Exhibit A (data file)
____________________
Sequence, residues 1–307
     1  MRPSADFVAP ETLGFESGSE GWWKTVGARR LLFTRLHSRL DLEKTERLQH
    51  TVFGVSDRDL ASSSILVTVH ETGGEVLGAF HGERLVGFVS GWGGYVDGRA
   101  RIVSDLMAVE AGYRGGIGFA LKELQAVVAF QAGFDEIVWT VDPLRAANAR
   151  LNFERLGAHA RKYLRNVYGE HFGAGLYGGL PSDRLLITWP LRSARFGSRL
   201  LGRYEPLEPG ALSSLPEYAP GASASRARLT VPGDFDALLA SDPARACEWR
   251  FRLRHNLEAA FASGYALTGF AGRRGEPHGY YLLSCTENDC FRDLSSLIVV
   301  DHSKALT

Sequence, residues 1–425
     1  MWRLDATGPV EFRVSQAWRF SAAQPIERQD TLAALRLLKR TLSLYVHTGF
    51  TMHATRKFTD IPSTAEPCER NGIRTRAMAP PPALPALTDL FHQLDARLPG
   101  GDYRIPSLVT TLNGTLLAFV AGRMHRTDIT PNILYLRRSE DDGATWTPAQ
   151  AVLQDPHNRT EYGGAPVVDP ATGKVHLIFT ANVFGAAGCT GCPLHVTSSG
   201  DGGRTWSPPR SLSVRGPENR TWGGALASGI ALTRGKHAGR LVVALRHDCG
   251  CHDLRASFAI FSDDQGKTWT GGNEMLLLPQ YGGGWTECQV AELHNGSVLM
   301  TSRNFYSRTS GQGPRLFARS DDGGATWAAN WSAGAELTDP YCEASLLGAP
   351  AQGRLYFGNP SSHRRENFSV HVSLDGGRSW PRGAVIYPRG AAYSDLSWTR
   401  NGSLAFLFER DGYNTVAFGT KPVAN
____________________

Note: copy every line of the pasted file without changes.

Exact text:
Sequence, residues 1–307
     1  MRPSADFVAP ETLGFESGSE GWWKTVGARR LLFTRLHSRL DLEKTERLQH
    51  TVFGVSDRDL ASSSILVTVH ETGGEVLGAF HGERLVGFVS GWGGYVDGRA
   101  RIVSDLMAVE AGYRGGIGFA LKELQAVVAF QAGFDEIVWT VDPLRAANAR
   151  LNFERLGAHA RKYLRNVYGE HFGAGLYGGL PSDRLLITWP LRSARFGSRL
   201  LGRYEPLEPG ALSSLPEYAP GASASRARLT VPGDFDALLA SDPARACEWR
   251  FRLRHNLEAA FASGYALTGF AGRRGEPHGY YLLSCTENDC FRDLSSLIVV
   301  DHSKALT

Sequence, residues 1–425
     1  MWRLDATGPV EFRVSQAWRF SAAQPIERQD TLAALRLLKR TLSLYVHTGF
    51  TMHATRKFTD IPSTAEPCER NGIRTRAMAP PPALPALTDL FHQLDARLPG
   101  GDYRIPSLVT TLNGTLLAFV AGRMHRTDIT PNILYLRRSE DDGATWTPAQ
   151  AVLQDPHNRT EYGGAPVVDP ATGKVHLIFT ANVFGAAGCT GCPLHVTSSG
   201  DGGRTWSPPR SLSVRGPENR TWGGALASGI ALTRGKHAGR LVVALRHDCG
   251  CHDLRASFAI FSDDQGKTWT GGNEMLLLPQ YGGGWTECQV AELHNGSVLM
   301  TSRNFYSRTS GQGPRLFARS DDGGATWAAN WSAGAELTDP YCEASLLGAP
   351  AQGRLYFGNP SSHRRENFSV HVSLDGGRSW PRGAVIYPRG AAYSDLSWTR
   401  NGSLAFLFER DGYNTVAFGT KPVAN